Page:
Mexico camp effects a culture of change
Two young leaders are hoping their eye-opening experience in South America will have lasting effects around the globe.
Na’or Berman and Gloria McNutt-Strawhan, both 14, travelled to Mexico with two other New Zealand teenagers and groups from Europe, America and South America for a three-week international summer camp designed to increase understanding among cultures.
The camp is run by CISV International, a peace organisation founded in 1950 with more than 200 groups around the world encouraging young people to make a difference in their local communities and respect cultural differences.
For Freemans Bay resident Gloria the experience was not only a chance to learn about people’s differences but also to pass on ideas.
‘‘It was amazing there was this group from Guatemala and they tried to show us the bad side of Guatemala as well as the good side,’’ Gloria says.
‘‘From what I had seen I thought everyone from Guatemala was rich but there is extreme rich and extreme poor.’’
Grey Lynn resident Na’or says poverty running side-by-side with extreme wealth was also evident in their own stay.
‘‘It was quite covered up but where we stayed at a small compound it was right opposite this really big slum,’’ he says.
‘‘It was quite shocking actually because you go from luxury to this complete slum, there’s a lot of wealth and a lot of poverty.’’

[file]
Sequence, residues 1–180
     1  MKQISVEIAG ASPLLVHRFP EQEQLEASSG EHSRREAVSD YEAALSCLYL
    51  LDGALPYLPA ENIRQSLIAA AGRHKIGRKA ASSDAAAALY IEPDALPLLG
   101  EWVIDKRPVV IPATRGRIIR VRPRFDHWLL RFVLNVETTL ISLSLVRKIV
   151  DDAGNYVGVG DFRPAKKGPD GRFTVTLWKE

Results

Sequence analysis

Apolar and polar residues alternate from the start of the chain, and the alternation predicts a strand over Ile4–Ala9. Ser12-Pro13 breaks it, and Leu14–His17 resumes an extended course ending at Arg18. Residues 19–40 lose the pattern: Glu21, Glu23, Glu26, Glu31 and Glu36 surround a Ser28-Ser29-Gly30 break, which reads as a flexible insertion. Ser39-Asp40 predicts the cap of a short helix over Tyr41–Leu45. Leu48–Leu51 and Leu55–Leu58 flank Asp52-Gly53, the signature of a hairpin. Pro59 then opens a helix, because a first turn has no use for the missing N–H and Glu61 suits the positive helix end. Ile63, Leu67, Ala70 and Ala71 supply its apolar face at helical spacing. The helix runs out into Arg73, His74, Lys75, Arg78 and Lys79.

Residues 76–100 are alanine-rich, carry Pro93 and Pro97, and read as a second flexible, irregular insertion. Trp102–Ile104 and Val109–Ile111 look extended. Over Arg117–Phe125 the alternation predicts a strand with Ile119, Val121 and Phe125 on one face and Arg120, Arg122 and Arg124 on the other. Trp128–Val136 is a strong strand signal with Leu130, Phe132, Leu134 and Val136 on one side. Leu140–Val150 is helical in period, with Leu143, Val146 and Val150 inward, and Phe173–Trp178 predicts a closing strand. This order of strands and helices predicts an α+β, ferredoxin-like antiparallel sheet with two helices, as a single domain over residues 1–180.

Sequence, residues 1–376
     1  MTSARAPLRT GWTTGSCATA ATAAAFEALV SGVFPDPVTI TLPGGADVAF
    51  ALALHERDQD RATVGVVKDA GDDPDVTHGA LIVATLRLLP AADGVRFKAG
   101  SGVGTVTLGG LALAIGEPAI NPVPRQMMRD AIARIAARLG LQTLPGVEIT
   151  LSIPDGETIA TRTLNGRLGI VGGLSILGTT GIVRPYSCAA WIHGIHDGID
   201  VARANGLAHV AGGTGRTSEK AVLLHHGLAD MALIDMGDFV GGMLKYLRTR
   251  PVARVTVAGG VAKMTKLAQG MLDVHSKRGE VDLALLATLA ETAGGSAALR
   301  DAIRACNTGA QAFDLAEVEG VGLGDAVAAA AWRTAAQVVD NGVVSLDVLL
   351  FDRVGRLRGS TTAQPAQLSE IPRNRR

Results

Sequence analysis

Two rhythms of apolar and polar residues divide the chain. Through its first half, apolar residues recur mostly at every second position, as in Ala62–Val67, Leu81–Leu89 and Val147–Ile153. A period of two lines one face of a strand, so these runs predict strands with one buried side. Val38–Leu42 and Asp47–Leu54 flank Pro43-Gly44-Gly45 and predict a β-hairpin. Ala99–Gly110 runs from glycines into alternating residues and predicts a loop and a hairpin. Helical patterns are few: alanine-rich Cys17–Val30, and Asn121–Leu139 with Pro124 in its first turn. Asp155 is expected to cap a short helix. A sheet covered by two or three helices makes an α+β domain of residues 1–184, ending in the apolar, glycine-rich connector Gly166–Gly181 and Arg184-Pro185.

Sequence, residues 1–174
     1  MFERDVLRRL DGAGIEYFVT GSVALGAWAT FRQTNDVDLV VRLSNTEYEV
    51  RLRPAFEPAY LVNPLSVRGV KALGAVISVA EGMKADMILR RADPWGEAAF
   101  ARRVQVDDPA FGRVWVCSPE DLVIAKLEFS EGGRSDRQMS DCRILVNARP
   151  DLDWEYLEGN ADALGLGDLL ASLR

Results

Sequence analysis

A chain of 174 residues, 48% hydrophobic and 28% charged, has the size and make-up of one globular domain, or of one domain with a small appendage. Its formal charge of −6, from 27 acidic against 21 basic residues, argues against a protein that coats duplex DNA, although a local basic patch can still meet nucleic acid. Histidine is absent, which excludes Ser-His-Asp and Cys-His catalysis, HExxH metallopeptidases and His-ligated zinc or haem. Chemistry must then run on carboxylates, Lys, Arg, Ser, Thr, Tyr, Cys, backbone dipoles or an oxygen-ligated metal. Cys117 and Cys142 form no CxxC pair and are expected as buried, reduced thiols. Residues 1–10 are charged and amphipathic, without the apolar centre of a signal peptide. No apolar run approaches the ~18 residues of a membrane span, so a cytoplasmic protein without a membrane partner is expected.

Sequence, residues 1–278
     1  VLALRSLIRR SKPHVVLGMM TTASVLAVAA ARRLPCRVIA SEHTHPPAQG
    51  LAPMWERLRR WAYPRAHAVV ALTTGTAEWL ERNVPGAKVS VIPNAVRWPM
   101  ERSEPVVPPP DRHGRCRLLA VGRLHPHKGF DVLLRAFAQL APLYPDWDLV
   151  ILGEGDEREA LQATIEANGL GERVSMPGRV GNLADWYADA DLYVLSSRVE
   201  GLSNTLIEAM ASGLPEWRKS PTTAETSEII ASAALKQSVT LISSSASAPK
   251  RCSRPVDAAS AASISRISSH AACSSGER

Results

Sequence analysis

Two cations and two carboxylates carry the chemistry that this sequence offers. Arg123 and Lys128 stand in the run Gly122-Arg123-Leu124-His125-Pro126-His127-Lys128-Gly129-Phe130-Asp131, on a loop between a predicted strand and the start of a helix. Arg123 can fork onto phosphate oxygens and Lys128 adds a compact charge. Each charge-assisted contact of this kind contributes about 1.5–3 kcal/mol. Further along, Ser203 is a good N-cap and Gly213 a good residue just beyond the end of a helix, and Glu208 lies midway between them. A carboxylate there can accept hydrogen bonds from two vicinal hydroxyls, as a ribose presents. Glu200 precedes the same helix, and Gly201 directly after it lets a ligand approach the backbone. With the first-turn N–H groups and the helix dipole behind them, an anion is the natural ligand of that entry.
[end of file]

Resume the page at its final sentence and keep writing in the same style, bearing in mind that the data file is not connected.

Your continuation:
This year’s camp theme was human rights, something they both feel passionate about. But they were faced with surprising revelations from other groups.
Gloria says: ‘‘A few of the delegations were quite homophobic and some of the delegations didn’t take poverty as seriously as others.
‘‘It was the first time I was fully faced with people who were outright against things so I really learned a lot from that. I think we actually made them think a bit.’’
CISV chapter leader Tracey Cumin says the change she sees in the young leaders throughout the three-week experience is inspiring.
The Grey Lynn resident hopes they will be able to apply the leadership skills they learn to their everyday lives.
‘‘When kids come back they really do put everything they learn into action and we find many of them go on to become leaders at school and in other areas of their life,’’ Ms Cumin says.
Making change: Na’or Berman and Gloria McNutt-Strawhan attended an international camp in Mexico designed to create understanding between cultures.